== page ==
By: Sandy Churchill
We live in a time of anxiety overdrive. The news seems to be a non-stop stream of animosity and heartache, as a testament to the frequent selfishness and cruelty of human nature. Couple that with our frenzied schedules that keep moms, dads, kids, and other family members in a steady state of going and doing leaves little—or no—time to breathe, reflect, and relax.
Never mind that ‘busy‘ and ‘stress‘ pepper our daily conversations. We are now seeing even our youngest children hurling backpacks of homework-overload to and from their first-grade classrooms. Many kids are hearing the stressed-out conversations of grown-ups, while struggling with their own demands of schoolwork, standardized testing, and expectation overdrive.
Why We Craft
What I rediscovered as a mom, is how crafting has the power to slow us down, provide us focus, and offer us joy.
We joke at our house that “Crafting is cheaper than therapy,” and it’s true.
As anyone who knits, paints, scrapbooks, or crochets can tell you, something happens when we delve into a creative project simply for the joy of it. Our breathing slows, we take the time to stitch or consider a color, and the troubles of finances and health, relationship worries, or household chores seem to melt away. For a little while, we are able to simply be—and not feel the pressures of the practical, and near-endless to-do list.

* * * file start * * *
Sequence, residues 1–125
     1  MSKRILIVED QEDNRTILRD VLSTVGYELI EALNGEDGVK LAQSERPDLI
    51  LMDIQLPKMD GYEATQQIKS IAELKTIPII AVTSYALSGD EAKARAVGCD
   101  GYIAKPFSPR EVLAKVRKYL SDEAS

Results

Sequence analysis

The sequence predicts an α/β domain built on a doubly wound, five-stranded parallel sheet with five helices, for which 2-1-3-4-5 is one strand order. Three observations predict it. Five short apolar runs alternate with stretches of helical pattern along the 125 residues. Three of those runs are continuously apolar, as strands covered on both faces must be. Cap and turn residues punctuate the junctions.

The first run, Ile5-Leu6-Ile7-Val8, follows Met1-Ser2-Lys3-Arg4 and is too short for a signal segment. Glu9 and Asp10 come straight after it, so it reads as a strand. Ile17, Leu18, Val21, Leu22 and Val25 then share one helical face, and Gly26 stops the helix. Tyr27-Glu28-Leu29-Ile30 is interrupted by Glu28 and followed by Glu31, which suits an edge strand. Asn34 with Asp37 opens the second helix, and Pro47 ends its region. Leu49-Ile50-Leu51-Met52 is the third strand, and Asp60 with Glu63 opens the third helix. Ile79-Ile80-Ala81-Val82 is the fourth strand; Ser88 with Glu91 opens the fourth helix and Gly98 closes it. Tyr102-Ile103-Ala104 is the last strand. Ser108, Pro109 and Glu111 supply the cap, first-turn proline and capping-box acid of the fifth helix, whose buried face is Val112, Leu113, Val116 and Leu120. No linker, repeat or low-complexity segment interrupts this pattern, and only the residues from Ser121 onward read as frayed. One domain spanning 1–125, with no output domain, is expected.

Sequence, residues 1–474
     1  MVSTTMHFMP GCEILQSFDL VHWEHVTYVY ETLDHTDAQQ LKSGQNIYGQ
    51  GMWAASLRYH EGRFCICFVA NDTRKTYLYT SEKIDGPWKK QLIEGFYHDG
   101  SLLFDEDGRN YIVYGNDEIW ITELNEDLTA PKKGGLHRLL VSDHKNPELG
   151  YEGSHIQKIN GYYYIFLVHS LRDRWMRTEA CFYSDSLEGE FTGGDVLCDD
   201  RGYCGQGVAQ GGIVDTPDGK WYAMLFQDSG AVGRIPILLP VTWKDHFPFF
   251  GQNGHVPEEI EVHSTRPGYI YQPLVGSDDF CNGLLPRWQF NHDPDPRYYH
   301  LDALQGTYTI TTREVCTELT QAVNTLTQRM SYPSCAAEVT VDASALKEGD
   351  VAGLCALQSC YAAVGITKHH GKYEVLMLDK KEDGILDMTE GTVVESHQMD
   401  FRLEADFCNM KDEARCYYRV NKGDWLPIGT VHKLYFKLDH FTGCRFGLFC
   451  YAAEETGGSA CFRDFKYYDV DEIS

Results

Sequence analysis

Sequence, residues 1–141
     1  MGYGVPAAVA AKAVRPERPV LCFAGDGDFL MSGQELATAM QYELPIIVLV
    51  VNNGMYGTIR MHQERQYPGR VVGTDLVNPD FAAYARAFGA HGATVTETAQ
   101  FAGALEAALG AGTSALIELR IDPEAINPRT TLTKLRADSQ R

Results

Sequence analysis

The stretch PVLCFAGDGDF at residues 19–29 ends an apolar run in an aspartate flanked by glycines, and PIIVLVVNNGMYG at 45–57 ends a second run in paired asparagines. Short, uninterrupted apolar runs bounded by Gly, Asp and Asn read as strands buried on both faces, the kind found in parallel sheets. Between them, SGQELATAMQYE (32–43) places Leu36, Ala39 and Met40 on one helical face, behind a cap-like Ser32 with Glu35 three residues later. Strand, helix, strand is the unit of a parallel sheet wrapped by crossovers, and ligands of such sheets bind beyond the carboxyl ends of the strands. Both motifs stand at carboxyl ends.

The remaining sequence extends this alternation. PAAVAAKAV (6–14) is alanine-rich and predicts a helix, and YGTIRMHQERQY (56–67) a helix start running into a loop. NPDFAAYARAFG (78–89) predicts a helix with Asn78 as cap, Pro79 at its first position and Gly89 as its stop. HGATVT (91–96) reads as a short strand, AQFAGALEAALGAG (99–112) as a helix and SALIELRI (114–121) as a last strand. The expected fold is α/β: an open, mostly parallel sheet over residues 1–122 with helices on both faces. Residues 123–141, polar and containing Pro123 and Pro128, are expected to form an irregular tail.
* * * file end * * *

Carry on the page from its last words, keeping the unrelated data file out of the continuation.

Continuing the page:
Perhaps it is because we are working with the other side of the brain and we give our linear, practical side a break. Perhaps it is the sheer, indulgent joy of creating something beautiful. But what about this artistic therapy for the smaller ones in the household as well?
I teach enrichment in our town’s after-school program and this fall, we offered a clay class for elementary students. We over-filled on the first day of registration and had to open a second class. Parents and kids shared the same sentiment: “My child/I cannot get enough art.”
Many towns struggle with cost-cutting measures that often put art, music, and other specialist programs on the chopping block. But I propose that we need art now more than ever. There is something magical about time to create, imagine, ponder, and focus—free of expectations and deadlines. I witness my first, second, and third grade students in the pure joy of shaping their creations, molding, rolling, and then tweaking the features of each sculpture to their hearts’ delight.
I believe that providing children with the time, space, and materials to draw, paint, sculpt, and craft is an amazing remedy to help soothe the spirit and restore optimism and peace to the spirit. I know in my heart this can work for adults, and think this is a gift each of us can offer our children, as therapy amidst a frenzied, fast-paced world.